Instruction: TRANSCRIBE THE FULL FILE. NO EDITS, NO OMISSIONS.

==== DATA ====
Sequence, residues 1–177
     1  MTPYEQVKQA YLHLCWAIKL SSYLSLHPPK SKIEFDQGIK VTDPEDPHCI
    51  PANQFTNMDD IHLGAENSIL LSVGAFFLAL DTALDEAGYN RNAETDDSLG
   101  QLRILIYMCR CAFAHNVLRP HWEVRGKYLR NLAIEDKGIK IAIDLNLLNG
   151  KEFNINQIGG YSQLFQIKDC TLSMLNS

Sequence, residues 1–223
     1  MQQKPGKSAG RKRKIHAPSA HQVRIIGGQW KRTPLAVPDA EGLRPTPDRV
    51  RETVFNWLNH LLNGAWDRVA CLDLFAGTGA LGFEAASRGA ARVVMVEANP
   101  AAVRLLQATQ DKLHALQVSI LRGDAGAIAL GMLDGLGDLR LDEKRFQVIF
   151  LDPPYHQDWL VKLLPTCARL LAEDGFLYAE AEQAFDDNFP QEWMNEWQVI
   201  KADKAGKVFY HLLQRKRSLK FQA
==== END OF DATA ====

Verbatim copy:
Sequence, residues 1–177
     1  MTPYEQVKQA YLHLCWAIKL SSYLSLHPPK SKIEFDQGIK VTDPEDPHCI
    51  PANQFTNMDD IHLGAENSIL LSVGAFFLAL DTALDEAGYN RNAETDDSLG
   101  QLRILIYMCR CAFAHNVLRP HWEVRGKYLR NLAIEDKGIK IAIDLNLLNG
   151  KEFNINQIGG YSQLFQIKDC TLSMLNS

Sequence, residues 1–223
     1  MQQKPGKSAG RKRKIHAPSA HQVRIIGGQW KRTPLAVPDA EGLRPTPDRV
    51  RETVFNWLNH LLNGAWDRVA CLDLFAGTGA LGFEAASRGA ARVVMVEANP
   101  AAVRLLQATQ DKLHALQVSI LRGDAGAIAL GMLDGLGDLR LDEKRFQVIF
   151  LDPPYHQDWL VKLLPTCARL LAEDGFLYAE AEQAFDDNFP QEWMNEWQVI
   201  KADKAGKVFY HLLQRKRSLK FQA